Focused on Franchise Law - June 2012

by Lewitt Hackman


When you think of franchise friendly states, do you think of Georgia? Starting July 1, 2012, franchised businesses and entrepreneurs considering a franchise model might want to take a closer look at that state.

The "misclassification" of employees as franchisees has been a hotly litigated issue of late. Classification matters because it determines whether the individual performing the work is entitled to employment related benefits such as worker's compensation, unemployment insurance and other wage protections.

Under the franchise model that has been under attack, the franchisor obtains and invoices the customers, deducts royalty fees from the amounts billed and pays the franchisee based on expected receipts. The franchisor later recoups any unpaid invoices from the franchisee. The Massachusetts Supreme Court recently held that Coverall franchisees in this type of system were "misclassified" employees and entitled to employee benefits and wages regardless of whether customers actually paid for the services rendered.

Georgia has gone the other way, though, and now recognizes this type of franchisor/franchisee system as a contractual arrangement by statute, not as an employment relationship. Georgia's House Bill No. 548 (HB 548), which becomes effective on July 1, 2012, amends the definition of "employee" in the state's workers' compensation statute to exclude individuals who are parties to a franchise agreement as defined by the FTC's Franchise Disclosure Rule to protect franchisors from workers' compensation claims made by their franchisees. Franchisors and their trade organizations have applauded Georgia's legislature and Governor for enacting HB 548. The International Franchise Association believes its passage will promote franchising in Georgia.

The business and litigation climate are important factors to consider when starting or expanding your business. So, if you are a franchisor looking to expand or an entrepreneur thinking of setting up a new franchised business, you might want to consider Georgia.


If a franchisee defaults on its obligations, most franchise agreements allow the franchisor to terminate the agreement. But what happens if the franchisor defaults on its obligations to creditors? This circumstance is rarely addressed in franchise agreements, but that doesn't mean it can't happen-it does. Franchisors are not immune from tough economic times. For example, Bennigan's filed for Chapter 7 liquidation in 2008, and Friendly's Restaurants, Sbarro and Marie Callender's all filed for Chapter 11 reorganization in 2011, just to name a few.

If your franchisor files for bankruptcy, several negative things can happen. You might be cut off from suppliers; negative press could impact your revenues; your franchise contract could be assigned to a franchisor or other third party who knows little about your business; or, the franchise could be liquidated, in which case you will lose your investment. At the very least, bankruptcy spells uncertainty.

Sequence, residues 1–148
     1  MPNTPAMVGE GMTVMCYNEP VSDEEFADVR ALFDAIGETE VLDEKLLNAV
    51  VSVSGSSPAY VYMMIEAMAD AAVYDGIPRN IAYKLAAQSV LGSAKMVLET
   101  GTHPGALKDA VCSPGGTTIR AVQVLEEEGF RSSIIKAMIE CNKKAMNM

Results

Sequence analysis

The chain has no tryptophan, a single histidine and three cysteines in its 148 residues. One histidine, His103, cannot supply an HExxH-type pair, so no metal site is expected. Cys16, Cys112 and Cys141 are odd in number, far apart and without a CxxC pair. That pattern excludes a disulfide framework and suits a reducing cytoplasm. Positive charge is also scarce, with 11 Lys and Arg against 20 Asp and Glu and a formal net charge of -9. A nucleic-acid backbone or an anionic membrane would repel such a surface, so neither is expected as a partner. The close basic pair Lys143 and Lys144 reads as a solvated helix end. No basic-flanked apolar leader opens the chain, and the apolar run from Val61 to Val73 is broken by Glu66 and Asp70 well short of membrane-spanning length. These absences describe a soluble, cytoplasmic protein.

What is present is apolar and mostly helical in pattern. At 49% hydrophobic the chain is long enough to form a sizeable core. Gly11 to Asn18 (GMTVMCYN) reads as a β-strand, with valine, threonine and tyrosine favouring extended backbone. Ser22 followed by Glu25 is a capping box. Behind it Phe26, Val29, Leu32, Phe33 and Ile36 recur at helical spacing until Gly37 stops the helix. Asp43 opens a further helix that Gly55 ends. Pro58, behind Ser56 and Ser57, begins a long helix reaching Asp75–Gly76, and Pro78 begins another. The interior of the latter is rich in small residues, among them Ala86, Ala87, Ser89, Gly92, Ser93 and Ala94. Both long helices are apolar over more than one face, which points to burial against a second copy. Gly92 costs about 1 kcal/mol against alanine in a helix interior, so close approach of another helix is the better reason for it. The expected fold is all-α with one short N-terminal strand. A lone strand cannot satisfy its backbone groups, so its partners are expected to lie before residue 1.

So, what should you know and what can you do? First, remember this: if you snooze, you lose! If you hear a rumor or suspect that your franchisor is defaulting on its obligations or headed for bankruptcy, consider it a red flag. If your franchisor is collecting advertising fees, but isn't advertising, ask questions. Also, review your franchise agreement to determine your rights under the agreement. Don't ignore these warning signs because once bankruptcy is filed, things happen quickly.

Next, consider what alternatives would exist for you if your franchisor defaults. Make a list of alternate suppliers and maintain extra supplies. Contact other franchisees to share information and resources. Better yet, consider forming a franchisee group to share costs, strategize and obtain joint legal representation, since a group should have increased negotiating power before any bankruptcy filing, and especially during the bankruptcy proceedings. For example, the group could act quickly to require the franchisor to honor its obligations or to potentially gain status in the bankruptcy proceedings as a formal franchisee committee. A substantial sized group could potentially acquire assets or locate a friendly buyer before or during bankruptcy-think economies of scale.

The moral of this story is to pay attention to your franchisor's financial status and to act quickly if you learn it is at risk. You can survive the unthinkable, but it may not be easy. You'll have more control over your destiny the sooner you act!


On Wednesday, June 20, 2012, Barry Kurtz will be the featured speaker at the meeting of the Intellectual Property/Technology Business Section and the In-House Counsel/Corporate Law Section of the Santa Barbara County Bar Association.  The presentation, entitled Franchise Law: The Basics Every Business Lawyer Should Know, will distinguish franchise relationships from licensing, dealerships and distribution arrangements and advise business attorneys on how to keep their clients from becoming "accidental franchisors".


DISCLAIMER: Because of the generality of this update, the information provided herein may not be applicable in all situations and should not be acted upon without specific legal advice based on particular situations.

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